When you visit a website in a browser, it’s long been advised that you check for the green padlock icon next to the web address in the URL bar to indicate that you’re visiting a secure site. However, as cybercriminals and hackers are also using security features — for the nefarious purpose of tricking you — that security advice no longer holds true.
Cybersecurity researchers at PhishLabs reported that nearly half of all fraudulent websites are also using the green padlock symbol in the URL bar, with the hope that you’ll be fooled into thinking that you’re in fact visiting a legitimate and secure site. And because many web surfers have been trained into believing that the green padlock logo indicates that a site is safe, the number of fraudulent websites adopting the padlock has increased from 24 percent in 2017 to nearly 50 percent in 2018.
When a browser shows the green padlock in the browser bar, it means that a site is sending information over an encrypted connection. That doesn’t mean that only legitimate sites will have access to the padlock logo, but it does mean that you should not enter private information — like credit card or Social Security numbers — on a site lacking that logo. However, given that hackers are getting more sophisticated, you should also do more research and make sure you’re actually on a legitimate website even when you do see a green padlock.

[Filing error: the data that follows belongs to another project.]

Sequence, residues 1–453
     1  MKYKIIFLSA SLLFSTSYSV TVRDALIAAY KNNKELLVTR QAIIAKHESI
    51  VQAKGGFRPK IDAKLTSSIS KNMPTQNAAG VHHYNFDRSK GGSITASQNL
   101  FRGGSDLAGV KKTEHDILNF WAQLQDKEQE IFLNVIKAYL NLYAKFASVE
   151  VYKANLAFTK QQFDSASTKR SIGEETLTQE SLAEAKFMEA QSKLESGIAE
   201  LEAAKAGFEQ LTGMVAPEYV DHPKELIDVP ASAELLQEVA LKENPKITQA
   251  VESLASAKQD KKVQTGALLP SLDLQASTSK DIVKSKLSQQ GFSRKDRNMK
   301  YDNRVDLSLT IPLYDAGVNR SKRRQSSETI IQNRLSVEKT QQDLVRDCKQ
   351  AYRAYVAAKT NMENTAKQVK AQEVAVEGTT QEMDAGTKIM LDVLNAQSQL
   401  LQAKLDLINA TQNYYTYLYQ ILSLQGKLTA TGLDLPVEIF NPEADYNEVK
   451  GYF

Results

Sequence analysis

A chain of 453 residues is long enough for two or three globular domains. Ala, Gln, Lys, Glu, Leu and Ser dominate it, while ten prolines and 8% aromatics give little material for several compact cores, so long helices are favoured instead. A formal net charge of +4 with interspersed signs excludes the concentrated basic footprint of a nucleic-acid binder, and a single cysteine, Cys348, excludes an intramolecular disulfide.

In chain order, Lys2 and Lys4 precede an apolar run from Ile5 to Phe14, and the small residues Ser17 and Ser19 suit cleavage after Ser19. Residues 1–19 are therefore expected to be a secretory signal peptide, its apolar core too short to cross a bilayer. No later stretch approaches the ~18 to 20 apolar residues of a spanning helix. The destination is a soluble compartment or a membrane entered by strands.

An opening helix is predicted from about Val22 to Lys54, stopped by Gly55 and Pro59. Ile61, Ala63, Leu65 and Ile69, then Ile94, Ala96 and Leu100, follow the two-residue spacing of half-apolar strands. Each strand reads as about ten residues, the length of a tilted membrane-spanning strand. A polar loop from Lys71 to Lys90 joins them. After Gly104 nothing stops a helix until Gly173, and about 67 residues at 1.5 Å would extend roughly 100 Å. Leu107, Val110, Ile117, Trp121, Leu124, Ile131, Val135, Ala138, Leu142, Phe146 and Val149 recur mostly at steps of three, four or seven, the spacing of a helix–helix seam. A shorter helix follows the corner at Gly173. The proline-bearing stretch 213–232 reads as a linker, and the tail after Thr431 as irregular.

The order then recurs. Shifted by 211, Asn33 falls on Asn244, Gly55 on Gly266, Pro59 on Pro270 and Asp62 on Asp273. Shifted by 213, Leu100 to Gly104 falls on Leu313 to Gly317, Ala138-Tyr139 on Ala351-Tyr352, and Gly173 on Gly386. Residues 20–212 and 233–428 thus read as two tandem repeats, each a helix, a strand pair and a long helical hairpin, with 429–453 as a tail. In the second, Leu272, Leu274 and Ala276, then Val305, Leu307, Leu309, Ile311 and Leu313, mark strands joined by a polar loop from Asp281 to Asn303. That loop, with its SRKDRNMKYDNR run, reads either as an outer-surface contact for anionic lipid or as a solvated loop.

When you’re visiting a fraudulent website with a green padlock, it means that the information you’ve entered will be transmitted over an encrypted connection. But instead of going to your favorite ecommerce site to make your purchase, your credit card details will be transmitted securely to a hacker phishing for your information.
Researchers cite cheaper access to encrypted connections as one reason for the rise in fraudulent websites with the green padlock. “Criminals can now easily obtain certificates that enable the padlock to show up and encryption to take place, and they can do it without revealing very much about who they are,” CNET reported.
The increased use of the green padlock may also stem from publicity around the feature. Popular browsers like Google’s Chrome or Mozilla’s Firefox began flashing red warnings to users when they visited an unsecured site, which is often noted with an HTTP rather than an HTTPS prefix.
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